The capital of the Baden-Württemberg state is Stuttgart, and it is located in southern Germany. Stuttgart is ranked sixth as size in Germany and the Stuttgart Metropolitan Region is ranked fourth as size after the Rhine-Ruhr area, Berlin/Brandenburg and Frankfurt/Rhine-Main regions.
The city is at the centre of a highly dense populated area and it is encircled by smaller towns. The area is called Stuttgart Region and it reaches to a population of 2.7 million inhabitants. The urban area of Stuttgart can reach a 1.8 million of inhabitants there classifying as the seventh largest in Germany.
It is unusual for a German city to be like Stuttgart, which is spread across several hills, vineyard, parks and valleys. This always surprises visitors as Stuttgart is known as the “cradle of automobile” and its industrial reputation. Stuttgart is also a centre of authority in regards with the state legislature, the local council and the regional parliament. Stuttgart is also the home of the Protestant State Church in Württemberg and in addition it is one of the two co-seats of the bishop of the Roman-Catholic Diocese of Rottenburg – Stuttgart.
The city has ranked thirtieth in 2010 in liveability rankings in the world and seventh in Germany. Stuttgart is well known for its economic and social innovations and was ranked 11th globally because of that and second in Germany, after Hamburg. In Europe the ranked is at seven in 2009 from a number of 256 cities in total.
Stuttgart is a highly sought after tourist attraction and its slogan is “Stuttgart offers more”. In 2008 Stuttgart revealed a new slogan based on the plan to improve transport links to the international infrastructure where it describes itself as the new heart of Europe. Regarding business ventures, Stuttgart best description offered was “Where business meets the future” and it is now targeted at foreign investors as “The creative power of Germany”.
By being nicknamed the Schwabenmetropole, Stuttgart makes a reference to the Swabian dialect spoken by native dwellers in the centre of Swabia where the city is now located. Because of heavy emigration due to economic reasons, a lot of newly born residents are of immigrant background.
When in Stuttgart, beside the economic and industrial facade it exposes, there is also the cultural side of the city.
The crossover point between the Shopping area of the city, Stuttgart two central castles, the Schlossgarten Park and residential areas and major museums in the south-west is the largest square in Stuttgart named Schlossplatz. The shopping street named Königstraße is considered to be the longest pedestrianized street in Germany.
After the World War II, the damage that occurred on Stuttgart has been repaired and many historic buildings were reconstructed. Stuttgart has some amazing pieces of modern post-war architecture such as the Collegiate Church named Stiftskirche which has a Late Gothic Style on the exterior mixed with a bit of Romanesque style and on the interior it has a combination of various styles including the Romanesque, Gothic and Modern styles. After the war it was reconstructed with a simplified interior.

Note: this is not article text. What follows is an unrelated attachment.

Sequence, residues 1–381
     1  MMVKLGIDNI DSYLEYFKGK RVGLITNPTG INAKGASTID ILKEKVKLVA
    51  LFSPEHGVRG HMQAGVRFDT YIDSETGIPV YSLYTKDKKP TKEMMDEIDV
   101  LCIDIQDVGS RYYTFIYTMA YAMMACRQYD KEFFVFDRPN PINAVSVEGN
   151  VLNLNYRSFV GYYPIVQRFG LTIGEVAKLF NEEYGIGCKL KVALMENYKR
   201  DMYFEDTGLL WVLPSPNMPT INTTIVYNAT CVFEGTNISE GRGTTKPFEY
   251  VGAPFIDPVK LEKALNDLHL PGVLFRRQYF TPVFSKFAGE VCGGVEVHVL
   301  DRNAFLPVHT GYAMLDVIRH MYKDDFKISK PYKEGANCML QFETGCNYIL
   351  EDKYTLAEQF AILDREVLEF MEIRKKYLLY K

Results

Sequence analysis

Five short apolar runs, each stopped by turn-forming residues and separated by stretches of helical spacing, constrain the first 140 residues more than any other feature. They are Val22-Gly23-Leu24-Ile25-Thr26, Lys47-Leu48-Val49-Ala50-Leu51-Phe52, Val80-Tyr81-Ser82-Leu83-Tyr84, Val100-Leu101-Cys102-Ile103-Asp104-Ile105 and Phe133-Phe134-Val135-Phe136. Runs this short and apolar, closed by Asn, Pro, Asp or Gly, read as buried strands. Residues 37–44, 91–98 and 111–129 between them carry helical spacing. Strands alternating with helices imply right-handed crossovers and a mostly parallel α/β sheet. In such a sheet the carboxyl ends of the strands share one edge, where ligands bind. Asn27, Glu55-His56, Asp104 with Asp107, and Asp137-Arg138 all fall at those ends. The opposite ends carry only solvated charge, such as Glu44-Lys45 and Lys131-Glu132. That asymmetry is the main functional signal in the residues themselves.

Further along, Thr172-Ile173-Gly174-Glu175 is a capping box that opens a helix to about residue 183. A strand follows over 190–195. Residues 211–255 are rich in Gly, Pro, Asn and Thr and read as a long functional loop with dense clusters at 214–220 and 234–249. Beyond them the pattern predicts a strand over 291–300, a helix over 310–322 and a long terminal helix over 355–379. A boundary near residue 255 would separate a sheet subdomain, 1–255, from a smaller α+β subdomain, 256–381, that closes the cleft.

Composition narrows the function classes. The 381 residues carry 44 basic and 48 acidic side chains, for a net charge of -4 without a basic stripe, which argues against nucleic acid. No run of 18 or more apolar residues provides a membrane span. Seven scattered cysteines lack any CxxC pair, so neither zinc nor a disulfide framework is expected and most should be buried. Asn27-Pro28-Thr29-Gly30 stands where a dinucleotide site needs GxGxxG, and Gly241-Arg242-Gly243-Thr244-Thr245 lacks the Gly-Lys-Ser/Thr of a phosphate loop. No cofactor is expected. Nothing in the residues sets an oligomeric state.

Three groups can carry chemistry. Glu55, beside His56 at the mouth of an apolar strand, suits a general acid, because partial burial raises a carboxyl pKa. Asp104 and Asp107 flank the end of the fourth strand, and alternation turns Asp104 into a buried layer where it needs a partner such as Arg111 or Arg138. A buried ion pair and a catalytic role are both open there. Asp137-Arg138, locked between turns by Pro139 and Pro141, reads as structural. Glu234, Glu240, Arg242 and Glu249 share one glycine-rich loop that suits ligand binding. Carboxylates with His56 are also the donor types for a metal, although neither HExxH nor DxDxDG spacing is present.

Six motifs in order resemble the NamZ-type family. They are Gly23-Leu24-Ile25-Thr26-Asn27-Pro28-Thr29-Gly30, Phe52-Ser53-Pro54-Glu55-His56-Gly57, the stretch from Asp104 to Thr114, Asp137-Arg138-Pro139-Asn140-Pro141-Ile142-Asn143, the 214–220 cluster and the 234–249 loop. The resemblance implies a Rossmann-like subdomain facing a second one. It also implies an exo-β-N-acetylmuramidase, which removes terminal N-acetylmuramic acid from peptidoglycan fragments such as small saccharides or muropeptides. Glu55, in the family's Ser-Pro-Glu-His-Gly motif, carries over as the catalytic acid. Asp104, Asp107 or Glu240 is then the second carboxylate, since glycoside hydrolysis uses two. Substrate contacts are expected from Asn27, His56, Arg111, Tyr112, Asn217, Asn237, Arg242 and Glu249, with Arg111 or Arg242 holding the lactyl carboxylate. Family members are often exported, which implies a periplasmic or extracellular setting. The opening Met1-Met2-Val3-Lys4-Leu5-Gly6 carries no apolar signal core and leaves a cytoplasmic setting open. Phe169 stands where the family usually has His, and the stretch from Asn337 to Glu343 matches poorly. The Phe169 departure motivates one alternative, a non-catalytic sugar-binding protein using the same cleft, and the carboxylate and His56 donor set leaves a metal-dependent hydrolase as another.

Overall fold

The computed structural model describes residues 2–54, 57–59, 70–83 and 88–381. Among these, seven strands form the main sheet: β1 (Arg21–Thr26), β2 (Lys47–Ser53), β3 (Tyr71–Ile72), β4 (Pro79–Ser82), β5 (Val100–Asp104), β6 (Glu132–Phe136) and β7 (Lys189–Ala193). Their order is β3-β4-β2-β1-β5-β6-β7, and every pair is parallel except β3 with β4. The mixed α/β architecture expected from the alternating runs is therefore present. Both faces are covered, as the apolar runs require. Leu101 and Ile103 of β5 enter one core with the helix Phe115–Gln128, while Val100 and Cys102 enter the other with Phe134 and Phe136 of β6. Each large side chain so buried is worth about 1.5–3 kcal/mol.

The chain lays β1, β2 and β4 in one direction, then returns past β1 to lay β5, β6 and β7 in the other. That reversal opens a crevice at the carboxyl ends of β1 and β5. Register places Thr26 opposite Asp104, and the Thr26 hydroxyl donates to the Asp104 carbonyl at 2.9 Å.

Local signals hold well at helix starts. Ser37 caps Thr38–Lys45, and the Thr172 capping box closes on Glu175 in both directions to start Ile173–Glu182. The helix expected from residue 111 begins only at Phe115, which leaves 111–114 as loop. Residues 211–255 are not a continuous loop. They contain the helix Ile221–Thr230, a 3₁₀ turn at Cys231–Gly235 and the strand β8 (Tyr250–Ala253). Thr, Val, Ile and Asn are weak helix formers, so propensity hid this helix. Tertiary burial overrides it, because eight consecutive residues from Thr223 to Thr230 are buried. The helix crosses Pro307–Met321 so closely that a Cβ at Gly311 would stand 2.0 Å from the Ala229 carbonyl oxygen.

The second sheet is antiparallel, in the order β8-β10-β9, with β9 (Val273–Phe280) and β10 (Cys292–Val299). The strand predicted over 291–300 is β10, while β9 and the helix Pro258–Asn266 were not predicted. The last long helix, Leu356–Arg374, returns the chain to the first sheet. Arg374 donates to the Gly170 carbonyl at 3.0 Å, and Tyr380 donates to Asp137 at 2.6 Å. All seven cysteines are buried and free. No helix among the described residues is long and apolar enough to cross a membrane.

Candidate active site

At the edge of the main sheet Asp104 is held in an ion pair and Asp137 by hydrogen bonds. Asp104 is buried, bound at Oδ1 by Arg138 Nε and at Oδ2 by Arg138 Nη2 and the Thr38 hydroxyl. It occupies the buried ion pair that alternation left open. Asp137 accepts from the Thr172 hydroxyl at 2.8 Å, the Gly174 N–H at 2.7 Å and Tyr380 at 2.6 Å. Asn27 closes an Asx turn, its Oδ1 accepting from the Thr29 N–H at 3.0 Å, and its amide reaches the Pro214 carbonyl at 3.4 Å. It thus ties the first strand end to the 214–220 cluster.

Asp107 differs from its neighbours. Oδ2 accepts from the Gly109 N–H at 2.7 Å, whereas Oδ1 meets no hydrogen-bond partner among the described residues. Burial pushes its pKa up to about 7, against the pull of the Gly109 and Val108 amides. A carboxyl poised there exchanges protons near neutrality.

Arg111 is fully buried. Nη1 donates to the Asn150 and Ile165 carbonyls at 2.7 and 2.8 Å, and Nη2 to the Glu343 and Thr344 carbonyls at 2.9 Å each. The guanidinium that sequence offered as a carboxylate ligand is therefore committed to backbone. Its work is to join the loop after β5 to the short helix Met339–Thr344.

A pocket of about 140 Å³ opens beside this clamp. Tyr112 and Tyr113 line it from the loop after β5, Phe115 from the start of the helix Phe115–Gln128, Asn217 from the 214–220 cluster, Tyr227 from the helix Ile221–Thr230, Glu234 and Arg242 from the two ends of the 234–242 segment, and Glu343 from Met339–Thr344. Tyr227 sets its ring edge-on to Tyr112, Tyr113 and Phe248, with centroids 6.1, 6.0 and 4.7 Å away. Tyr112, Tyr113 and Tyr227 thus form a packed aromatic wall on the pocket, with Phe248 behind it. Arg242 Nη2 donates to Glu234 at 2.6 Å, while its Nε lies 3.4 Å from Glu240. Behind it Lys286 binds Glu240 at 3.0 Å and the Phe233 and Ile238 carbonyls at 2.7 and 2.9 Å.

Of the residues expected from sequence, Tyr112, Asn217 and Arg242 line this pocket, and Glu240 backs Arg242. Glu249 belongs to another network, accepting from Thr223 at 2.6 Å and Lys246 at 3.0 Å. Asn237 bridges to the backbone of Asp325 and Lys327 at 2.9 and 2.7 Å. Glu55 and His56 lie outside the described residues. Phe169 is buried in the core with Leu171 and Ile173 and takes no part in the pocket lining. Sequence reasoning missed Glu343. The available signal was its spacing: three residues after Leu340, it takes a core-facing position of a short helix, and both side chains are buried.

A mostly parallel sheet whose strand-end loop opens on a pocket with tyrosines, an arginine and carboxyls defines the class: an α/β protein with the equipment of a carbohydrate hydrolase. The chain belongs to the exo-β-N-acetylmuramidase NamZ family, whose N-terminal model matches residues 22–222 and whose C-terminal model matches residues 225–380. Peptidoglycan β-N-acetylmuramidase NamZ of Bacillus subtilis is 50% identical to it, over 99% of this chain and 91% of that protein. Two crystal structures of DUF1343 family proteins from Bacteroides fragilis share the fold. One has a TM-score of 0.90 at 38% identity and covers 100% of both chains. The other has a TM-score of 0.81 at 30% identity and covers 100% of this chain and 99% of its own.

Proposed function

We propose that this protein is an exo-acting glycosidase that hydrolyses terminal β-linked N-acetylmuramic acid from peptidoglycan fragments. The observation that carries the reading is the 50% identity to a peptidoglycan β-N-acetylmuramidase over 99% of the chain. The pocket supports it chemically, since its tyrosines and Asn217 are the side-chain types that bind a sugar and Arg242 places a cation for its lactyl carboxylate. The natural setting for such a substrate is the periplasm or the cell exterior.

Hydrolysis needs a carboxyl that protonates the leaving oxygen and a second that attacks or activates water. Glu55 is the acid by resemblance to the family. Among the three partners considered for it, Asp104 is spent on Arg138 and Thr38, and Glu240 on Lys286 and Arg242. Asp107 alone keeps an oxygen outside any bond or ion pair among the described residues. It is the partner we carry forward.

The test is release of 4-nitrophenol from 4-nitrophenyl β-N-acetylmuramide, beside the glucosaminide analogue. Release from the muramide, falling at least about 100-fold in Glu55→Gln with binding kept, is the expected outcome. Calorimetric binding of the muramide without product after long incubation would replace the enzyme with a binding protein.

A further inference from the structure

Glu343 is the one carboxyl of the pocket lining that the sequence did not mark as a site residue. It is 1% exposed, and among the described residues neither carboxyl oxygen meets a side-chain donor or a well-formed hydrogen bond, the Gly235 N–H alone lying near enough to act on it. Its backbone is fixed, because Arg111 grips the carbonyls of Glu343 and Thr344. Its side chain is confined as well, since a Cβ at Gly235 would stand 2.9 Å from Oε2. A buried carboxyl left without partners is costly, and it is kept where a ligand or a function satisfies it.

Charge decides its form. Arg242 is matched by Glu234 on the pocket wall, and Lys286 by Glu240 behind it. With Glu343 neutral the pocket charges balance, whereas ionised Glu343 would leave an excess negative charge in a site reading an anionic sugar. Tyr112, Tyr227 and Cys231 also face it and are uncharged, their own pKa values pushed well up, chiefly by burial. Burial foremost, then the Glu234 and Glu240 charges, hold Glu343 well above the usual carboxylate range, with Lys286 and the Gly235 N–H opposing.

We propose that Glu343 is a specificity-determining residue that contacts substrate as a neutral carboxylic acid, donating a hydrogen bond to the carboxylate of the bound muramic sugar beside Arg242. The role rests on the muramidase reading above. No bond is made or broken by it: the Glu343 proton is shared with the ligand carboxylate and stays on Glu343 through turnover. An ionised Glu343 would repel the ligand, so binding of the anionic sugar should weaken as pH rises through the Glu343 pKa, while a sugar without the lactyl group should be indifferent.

There is also the Old Castle named Altes Schloss with parts that date back to 1320 and which adopts a Renaissance style; and the New Castle named Neues Schloss which was a mixture of Baroque/Classicism style and that was later reconstructed with modern interior.
In Stuttgart’s suburbs and beyond there are various castles that have significant importance, which are reminders of the city’s loyal past. Some of these are the Ludwigsburg Palace, the Castle Solitude, Castle Rosenstein and the Castle Hohenheim. If you have time on your hands it well worth in visiting these since they embrace different styles such as mixtures of Baroque with Rococo (Ludwigsburg Palace) or simply just Classical or Baroque Styles.
Other important building or institution you may find there are the Württemberg Mausoleum which shelters the remains of King William I of Württemberg and Catherine Pavlovna of Russia. Also pass by the Wilhelma zoo and Botanical Gardens. The International style displayed by the Weissenhof Estate is worthy of a drive till there as it provides a sight to remember.
Stuttgart is also quite renowned for its vast cultural heritage such as its State Gallery and State Theatre and the city is even home to one of Germany’s most famous symphony orchestras named Stuttgart Radio Symphony Orchestra. The orchestra mainly performs in the Liederhalle concert hall and has developed a distinctive sound known as the Stuttgart Sound.
The city also has not one, but two musical theatres in broadway-style, namely the Palladium and Apollo Theatre.
Stuttgart has a sport arena as well named Schleyerhalle which is regularly used to stage music concerts with major international stars.
There are several regular events that take place in Stuttgart and one of the most well-known one is the annual Volkfest and the Spring Festival. There is also the Spring Festival, The Lantern Festival and the Wine Village. These are just a few of the regular festivities held in Stuttgart.
Whether you want to admire the wonderful architecture, the green scenery everyday, play and have fun during festivals or you’re one of the hundreds of business associates that want to start a new life in Stuttgart, moving to Stuttgart is the best you can do for yourself and your family.
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